Eddie Woodin has a backyard that should be on Home & Garden TV. This bird lover has planted acres of bee-friendly flowers, nurtured trees, shrubs, and green spaces, and installed nesting boxes and bird baths all around his property. He has maintained this two-acre refuge without pesticides for 18 years. One afternoon nearly 10 years ago, Eddie was sitting on a bench in his yard at dusk. He noticed that there were none of the brown bats that normally dive bombed clouds of mosquitoes in the evening. Then he realized there were no mosquitoes either. Thus began a crusade. On September 21st, 2011, thanks to Eddie’s impetus, Scarborough passed its Pest Management Policy, which bans the use of synthetic lawn chemicals on town-owned land, including school grounds and athletic fields. Now neighboring communities are taking his advocacy to the next level. On September 7th, South Portland passed an ordinance that phases in a pesticide ban on public property after one year, on private property after two years, and requires a comprehensive review of the ordinance in year three. Education will be emphasized over enforcement. The Portland Pesticides Task Force is looking at South Portland’s ordinance as a possible model for its own ordinance. This group of twelve citizens includes our Executive Director Cathy Ramsdell. Harpswell, where lobstering is a way of life, passed a pesticide ordinance on March 12th that bans neonicotinoids, chemicals blamed for bee die-offs, and insect growth regulators, used to kill browntail moths but also linked to harming lobsters. The ordinance bans using pesticides or fertilizers with 25 feet of the...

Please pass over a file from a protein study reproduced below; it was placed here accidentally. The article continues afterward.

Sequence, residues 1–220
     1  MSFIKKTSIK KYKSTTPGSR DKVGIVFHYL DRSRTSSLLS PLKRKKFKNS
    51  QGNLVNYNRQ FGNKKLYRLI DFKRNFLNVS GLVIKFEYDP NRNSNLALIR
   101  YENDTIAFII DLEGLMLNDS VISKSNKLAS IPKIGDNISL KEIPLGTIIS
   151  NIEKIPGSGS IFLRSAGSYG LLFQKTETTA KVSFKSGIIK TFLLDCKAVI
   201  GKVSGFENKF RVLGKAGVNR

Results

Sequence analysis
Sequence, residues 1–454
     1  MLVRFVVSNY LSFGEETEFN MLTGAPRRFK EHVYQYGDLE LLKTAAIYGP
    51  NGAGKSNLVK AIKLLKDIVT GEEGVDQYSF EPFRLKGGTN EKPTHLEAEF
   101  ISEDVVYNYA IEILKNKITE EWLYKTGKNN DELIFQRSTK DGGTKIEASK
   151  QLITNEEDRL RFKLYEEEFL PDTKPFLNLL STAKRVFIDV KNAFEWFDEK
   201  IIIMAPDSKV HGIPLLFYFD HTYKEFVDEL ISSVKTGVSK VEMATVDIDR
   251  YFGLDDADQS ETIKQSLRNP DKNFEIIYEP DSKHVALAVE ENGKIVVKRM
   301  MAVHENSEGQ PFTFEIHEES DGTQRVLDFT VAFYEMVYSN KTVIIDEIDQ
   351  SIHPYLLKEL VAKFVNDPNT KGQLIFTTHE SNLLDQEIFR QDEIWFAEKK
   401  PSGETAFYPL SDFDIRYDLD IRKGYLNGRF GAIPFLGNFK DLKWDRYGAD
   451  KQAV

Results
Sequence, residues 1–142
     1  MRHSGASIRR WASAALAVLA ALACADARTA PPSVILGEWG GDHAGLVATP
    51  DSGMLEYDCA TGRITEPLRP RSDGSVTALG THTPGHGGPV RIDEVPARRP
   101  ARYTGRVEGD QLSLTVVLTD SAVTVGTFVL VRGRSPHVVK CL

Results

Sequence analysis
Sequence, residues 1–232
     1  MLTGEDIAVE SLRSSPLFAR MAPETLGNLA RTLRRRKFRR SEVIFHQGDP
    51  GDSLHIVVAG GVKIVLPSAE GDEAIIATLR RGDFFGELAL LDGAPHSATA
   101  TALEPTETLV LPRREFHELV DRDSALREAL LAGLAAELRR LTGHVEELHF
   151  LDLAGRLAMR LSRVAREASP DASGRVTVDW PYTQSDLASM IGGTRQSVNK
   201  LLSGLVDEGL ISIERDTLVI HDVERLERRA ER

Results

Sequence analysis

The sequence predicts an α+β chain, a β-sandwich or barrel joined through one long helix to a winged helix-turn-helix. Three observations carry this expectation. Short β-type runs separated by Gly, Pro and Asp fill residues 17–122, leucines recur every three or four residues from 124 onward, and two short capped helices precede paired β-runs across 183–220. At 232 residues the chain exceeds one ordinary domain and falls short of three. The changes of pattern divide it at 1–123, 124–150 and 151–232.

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Community Connection: Kathryn Reid

Community Connection: Kathryn Reid

“Whenever we are boating, we take advantage of the pumpout service and advise other boaters about it.”

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Community Connection: Peter Dufour

Community Connection: Peter Dufour

“We want our legacy to be getting rid of cigarette butts.”

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Community Connection: Tollef Olson

Community Connection: Tollef Olson

“Sea farming has all the benefits with none of the detriments.”

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Out & About with the Casco Baykeeper October 2016

Out & About with the Casco Baykeeper October 2016

January 4th, 2016, was Ivy Frignoca’s first day as Casco Baykeeper. Had Ivy kept a diary of the highlights of her year to date, it might have read like this — in abbreviated version, of course!

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Nabbing Nitrogen: A water sampling “flash mob”

Nabbing Nitrogen: A water sampling “flash mob”

On a rainy July 10, at precisely 10:10 a.m., 97 volunteers for Friends of Casco Bay hung out over docks or trudged through mud to collect jars of seawater.

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They say a picture is worth a thousand words.

They say a picture is worth a thousand words.

This photograph generated many thousands more.